Kidnapping through banditry and involvement of some criminal herders pose serious threats to food security in our country. Without mincing words, farms across the nation have been deserted to some extent for fear of falling victims to these criminals. There have been outcry on the influx of herders from neighbouring Oyo and Osun States to the various parts of Kwara South. How then do we identify the criminals among them who may want to continue their despicable activities of kidnaping and rape against our people?
As it has become odd in some States, the new dimension of attacking schools and abducting innocent students possess a great threat to our educational system with attendant consequences of growing the numbers of out-of-school children among others.
Recent events in our neighboring States of Niger, Katsina, Kaduna, Zamfara among others are pointer to the risk which our schools in the bordering towns and even villages are exposed to.
Before kidnapping becomes an enterprise in Kwara, something must be done urgently, as only God Knows what may happen next as bandits are becoming more daring with growing effrontery to confront the State despite the popular belief that it has monopoly of instruments of coercion. Is safety of our schools in border towns guaranteed?
Despite this potential threat, we still believe that all hopes are not yet lost as the state government appears to be proactive in allaying the fear of the residents by demonstrating commitment to their safety and wellbeing.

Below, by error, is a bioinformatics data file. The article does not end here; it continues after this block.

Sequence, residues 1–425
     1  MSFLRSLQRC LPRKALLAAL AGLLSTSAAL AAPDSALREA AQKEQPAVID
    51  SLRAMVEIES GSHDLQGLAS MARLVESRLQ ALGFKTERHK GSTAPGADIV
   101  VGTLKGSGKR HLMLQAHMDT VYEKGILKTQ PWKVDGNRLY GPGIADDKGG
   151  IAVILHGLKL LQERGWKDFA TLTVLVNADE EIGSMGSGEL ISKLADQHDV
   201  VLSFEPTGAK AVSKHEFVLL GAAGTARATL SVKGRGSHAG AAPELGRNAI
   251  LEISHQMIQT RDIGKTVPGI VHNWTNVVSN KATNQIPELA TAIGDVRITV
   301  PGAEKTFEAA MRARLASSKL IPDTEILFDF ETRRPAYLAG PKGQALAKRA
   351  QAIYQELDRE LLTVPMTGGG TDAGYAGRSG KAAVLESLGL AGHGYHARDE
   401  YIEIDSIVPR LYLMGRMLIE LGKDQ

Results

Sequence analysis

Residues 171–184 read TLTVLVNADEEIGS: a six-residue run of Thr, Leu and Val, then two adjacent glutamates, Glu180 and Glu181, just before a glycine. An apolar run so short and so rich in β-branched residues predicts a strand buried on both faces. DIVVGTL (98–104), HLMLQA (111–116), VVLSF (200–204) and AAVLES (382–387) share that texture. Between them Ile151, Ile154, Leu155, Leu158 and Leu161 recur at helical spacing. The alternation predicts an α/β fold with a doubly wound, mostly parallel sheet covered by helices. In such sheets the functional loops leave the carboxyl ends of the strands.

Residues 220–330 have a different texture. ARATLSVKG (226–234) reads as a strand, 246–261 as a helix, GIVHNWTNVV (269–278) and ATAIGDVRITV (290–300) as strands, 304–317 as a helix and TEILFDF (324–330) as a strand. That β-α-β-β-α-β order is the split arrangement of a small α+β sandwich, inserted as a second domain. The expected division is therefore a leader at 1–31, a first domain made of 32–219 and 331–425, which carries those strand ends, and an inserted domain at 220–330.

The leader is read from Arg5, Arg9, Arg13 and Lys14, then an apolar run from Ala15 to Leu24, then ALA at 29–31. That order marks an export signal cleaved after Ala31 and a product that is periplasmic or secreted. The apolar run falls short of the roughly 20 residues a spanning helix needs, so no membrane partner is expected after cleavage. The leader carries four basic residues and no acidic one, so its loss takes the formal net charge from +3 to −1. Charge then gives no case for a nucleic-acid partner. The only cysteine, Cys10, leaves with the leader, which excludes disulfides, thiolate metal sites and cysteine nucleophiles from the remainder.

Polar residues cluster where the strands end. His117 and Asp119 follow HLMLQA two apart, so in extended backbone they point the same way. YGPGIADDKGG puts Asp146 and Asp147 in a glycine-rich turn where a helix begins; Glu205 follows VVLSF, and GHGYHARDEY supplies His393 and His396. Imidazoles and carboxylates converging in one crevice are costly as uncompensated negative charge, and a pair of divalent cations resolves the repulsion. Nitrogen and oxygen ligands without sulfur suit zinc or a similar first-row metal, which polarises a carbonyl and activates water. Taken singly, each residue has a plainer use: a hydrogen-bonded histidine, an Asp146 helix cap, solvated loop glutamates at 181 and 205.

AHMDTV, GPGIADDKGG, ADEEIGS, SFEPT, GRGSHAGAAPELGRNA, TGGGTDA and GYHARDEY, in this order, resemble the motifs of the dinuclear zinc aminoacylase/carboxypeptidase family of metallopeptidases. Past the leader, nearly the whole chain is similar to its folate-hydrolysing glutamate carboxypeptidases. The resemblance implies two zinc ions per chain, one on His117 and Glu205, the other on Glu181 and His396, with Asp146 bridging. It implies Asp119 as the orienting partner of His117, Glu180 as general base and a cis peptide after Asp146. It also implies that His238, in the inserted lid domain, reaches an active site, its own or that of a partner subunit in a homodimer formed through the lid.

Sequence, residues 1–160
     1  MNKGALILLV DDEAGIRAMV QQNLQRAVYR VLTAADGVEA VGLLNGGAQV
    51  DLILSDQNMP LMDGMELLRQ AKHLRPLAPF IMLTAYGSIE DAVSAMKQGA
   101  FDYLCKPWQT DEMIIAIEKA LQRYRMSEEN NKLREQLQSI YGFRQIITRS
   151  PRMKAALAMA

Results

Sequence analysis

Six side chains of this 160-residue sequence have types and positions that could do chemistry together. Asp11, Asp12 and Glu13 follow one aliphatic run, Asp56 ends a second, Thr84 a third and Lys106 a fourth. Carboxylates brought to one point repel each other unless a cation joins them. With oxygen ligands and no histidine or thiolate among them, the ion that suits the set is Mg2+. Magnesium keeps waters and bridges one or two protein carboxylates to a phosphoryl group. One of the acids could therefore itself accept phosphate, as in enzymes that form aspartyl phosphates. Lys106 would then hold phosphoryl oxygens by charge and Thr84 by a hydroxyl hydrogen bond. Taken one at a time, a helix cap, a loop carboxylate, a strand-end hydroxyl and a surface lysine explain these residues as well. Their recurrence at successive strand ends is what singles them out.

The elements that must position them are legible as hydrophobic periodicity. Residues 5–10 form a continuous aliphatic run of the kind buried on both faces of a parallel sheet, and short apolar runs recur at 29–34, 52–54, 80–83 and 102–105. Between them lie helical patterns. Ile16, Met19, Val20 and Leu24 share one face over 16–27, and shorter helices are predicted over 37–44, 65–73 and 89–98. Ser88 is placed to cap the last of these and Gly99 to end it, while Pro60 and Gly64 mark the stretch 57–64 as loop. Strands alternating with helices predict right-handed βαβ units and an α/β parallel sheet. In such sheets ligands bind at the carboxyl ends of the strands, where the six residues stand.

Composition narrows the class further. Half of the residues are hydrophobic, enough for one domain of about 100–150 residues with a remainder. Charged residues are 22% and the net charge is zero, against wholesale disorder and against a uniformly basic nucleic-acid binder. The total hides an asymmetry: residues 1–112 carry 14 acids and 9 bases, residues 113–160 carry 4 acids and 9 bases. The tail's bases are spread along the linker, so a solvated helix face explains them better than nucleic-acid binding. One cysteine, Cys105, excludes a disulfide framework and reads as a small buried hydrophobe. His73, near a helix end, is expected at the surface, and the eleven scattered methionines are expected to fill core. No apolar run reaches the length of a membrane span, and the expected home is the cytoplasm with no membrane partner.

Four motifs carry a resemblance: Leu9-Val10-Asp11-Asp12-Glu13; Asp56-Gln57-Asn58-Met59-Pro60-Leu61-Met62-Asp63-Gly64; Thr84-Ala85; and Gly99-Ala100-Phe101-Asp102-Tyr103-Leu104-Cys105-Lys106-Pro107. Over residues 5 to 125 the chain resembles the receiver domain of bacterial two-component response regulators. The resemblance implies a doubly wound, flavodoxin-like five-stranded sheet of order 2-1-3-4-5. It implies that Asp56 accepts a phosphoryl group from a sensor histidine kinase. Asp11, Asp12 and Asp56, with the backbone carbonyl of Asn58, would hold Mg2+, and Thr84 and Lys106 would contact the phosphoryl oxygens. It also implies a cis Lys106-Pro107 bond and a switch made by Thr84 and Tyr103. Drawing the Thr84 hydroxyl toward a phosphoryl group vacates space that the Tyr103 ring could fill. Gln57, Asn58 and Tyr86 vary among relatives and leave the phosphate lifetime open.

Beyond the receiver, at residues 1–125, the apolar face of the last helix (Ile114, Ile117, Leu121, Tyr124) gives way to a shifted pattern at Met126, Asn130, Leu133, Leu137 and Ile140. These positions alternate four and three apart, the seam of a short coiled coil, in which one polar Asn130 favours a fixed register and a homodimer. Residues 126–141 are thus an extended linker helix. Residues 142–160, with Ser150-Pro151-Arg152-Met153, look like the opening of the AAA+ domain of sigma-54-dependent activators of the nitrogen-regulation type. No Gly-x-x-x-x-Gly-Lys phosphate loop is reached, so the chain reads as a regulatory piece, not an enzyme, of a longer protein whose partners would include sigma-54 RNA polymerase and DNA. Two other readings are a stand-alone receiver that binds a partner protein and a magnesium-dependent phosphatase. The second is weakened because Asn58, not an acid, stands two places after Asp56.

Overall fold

The recent Governor’s visit to his Oyo state counterpart for collaborations is a step in the right direction. However, this should be extended to all the Governors of the neighbouring states for effective collaboration against unfettered mobility of the bandits and criminal herders across these states.
According to a reliable government source, the Governor has recently met with security chiefs in the state with intention of taking holistic view of the security architectures so as to be able to withstand any potential threat to the peace of the state. While he promised proper funding for the operational activities of “Operation Harmony” through improved logistics for efficiency in crime detection and prevention.
Nevertheless, engagement with the traditional rulers in the state and local vigilantes will enhance community intelligence gathering because the war on terror requires the contributions of all and sundry.